“I love going to work every day. Every day is different. I am surrounded by folks passionate about the same things in different ways and perspectives. We may even disagree or argue, but it comes from a place of feeling responsible and wanting to do something. It’s never dull. It’s always edgy and raw, very alive. Sometimes I say I wish it was more boring because it can be too exciting. It’s like being at the edge of where the Earth is evolving to, where the future is unfolding and you’re on that wave. I love that.

Climate change is very present and things are unfolding all the time with new reports and findings … so taking what they’re finding out globally to the very hyper-local and regional level is exciting. What do the new climate modelling and scenarios mean for Sabah and Borneo? Every day it’s about revealing new knowledge and learning new things, and sharing that.”

What are the challenges of this role?

“The challenges are the same as the things I love and enjoy. Being gripped every day by the reality of new information and staggering information, and saying: ‘Wow, how do we talk about this, how do we share this with others so they are starting to think and talk about it as well?’ That’s hard.

We have an economy that’s very much about pulling your attention into social media, into this, that and the other - and grabbing that attention to say: ‘By the way, our forests are going to do this over the next 20 years’ … telling people this kind of bad news is not easy. Trying to interject these difficult conversations into business-as-usual landscapes is not easy.

“When I was in my 30s and younger, there were a lot of societal and cultural norms and, being at a table which was typically majority, if not all, men - I felt like I had to step up to be heard. That was a lonely place at the beginning. (But) I have seen that change in my time, and I see a lot more women at the table now. There is now an acceptance that we bring different things to the table. We may bring more of a sense of heart, passion, collaboration and working together. Less of the rugged individual, macho ‘we can do this ourselves’. It’s changing and I see a lot more women coming into the field.”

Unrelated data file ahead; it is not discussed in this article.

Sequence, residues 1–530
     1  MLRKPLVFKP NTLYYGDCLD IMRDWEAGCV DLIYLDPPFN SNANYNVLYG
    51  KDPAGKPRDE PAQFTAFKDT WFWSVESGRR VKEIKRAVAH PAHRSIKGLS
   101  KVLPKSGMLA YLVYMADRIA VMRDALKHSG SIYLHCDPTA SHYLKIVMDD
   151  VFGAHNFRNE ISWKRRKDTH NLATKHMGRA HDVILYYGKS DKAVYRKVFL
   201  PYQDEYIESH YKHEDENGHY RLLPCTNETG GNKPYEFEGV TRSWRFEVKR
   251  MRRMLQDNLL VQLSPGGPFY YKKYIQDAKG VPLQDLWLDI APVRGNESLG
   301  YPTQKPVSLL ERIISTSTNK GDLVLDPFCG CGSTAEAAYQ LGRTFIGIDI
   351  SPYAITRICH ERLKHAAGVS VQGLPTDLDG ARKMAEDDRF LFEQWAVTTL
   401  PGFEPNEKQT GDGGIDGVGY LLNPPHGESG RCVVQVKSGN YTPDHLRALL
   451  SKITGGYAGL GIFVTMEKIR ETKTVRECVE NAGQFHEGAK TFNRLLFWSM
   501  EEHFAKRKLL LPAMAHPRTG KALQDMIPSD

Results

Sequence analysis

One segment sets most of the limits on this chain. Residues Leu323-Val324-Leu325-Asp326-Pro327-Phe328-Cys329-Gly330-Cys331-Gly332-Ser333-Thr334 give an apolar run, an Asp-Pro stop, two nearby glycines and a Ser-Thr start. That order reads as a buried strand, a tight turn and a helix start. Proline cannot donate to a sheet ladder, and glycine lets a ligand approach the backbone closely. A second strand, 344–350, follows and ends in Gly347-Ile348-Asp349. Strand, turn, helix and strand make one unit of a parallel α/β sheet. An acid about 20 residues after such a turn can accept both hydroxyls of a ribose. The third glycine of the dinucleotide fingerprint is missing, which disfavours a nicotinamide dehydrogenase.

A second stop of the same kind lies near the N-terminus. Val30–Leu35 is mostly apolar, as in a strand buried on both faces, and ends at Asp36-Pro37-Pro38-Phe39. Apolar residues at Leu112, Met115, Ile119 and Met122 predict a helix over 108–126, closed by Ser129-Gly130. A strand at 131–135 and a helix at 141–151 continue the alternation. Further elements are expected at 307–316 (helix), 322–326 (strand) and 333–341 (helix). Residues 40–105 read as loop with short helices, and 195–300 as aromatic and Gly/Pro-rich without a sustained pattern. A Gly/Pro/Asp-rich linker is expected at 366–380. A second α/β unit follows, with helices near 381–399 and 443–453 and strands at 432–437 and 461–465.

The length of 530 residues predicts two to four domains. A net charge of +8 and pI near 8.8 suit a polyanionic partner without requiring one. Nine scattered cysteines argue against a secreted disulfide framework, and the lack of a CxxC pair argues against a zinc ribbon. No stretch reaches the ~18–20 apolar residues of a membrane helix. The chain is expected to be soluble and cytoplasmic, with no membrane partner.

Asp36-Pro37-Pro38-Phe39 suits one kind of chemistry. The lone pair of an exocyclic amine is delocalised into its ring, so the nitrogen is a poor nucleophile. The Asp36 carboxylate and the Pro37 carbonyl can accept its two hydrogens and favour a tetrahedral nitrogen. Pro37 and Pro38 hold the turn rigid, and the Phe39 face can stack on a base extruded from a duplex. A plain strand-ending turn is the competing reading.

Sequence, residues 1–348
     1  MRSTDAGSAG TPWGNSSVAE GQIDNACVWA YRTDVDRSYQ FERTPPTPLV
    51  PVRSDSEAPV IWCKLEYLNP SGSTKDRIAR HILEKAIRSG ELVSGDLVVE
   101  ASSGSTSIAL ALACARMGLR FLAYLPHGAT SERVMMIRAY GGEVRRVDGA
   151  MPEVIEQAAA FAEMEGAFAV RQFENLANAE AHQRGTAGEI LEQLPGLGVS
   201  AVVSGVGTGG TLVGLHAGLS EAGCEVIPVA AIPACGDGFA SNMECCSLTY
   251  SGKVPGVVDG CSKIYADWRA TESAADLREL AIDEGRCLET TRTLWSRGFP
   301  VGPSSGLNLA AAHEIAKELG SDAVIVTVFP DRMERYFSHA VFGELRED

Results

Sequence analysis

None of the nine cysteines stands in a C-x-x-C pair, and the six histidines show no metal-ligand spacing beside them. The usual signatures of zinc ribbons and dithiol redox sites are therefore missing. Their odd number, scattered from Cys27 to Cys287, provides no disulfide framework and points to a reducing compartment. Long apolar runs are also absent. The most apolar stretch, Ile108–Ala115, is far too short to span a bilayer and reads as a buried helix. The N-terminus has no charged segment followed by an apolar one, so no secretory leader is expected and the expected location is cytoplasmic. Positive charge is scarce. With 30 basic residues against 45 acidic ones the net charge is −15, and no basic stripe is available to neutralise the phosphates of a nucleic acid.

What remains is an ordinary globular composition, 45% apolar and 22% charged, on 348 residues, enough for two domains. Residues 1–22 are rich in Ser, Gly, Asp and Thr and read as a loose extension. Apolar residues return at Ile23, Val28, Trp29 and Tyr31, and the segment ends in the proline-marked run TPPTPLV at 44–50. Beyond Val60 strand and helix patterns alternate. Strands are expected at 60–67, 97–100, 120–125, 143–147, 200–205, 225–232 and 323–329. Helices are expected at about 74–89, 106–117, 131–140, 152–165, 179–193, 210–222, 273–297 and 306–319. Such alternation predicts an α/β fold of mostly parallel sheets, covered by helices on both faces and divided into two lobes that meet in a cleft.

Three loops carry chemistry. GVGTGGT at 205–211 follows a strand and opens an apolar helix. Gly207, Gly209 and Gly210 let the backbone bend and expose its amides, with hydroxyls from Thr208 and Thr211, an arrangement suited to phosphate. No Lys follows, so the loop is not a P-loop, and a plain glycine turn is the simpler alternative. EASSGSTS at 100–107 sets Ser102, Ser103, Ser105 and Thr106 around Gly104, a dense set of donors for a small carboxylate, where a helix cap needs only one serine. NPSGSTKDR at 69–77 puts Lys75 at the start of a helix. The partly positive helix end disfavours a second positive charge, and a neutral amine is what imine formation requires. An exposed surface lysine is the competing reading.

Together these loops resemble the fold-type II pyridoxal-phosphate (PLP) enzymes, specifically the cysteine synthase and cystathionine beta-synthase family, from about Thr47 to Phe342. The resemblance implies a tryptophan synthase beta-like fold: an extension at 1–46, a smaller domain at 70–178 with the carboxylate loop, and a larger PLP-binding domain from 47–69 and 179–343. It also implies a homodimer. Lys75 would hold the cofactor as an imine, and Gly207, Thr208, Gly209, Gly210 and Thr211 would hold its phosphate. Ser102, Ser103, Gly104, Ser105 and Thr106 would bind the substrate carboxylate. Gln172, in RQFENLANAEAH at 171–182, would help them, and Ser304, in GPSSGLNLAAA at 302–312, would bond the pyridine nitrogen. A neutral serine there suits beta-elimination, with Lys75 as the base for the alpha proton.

How do you see jobs in this field evolving in the next decade?

“I’m seeing jobs or work like this becoming more and more mainstream. Here, there are a lot of young people who are in sustainability fields, and I’m uplifted by that. It is becoming less unusual and young people are entering these fields, and saying: ‘There is a career here’. Whereas in the past, only bleeding-heart tree-huggers would do jobs like this.

Now, if you want to be an economist, a carbon accounting specialist, a climate scientist - these are all real jobs. I encourage the young people I’m exposed to all the time and tell them that if they want a job for the coming decades, just look at all the issues out there. Align yourself with what you think your skills are and those issues, and you’ll be sought after.

Young people are finding allies and their tribe, and are saying: ‘I want a purpose-driven life’. The status quo business-as-usual is not inspiring them.”

This interview has been edited for length and clarity.

This story was published with permission from Thomson Reuters Foundation, the charitable arm of Thomson Reuters, that covers humanitarian news, climate change, resilience, women’s rights, trafficking and property rights. Visit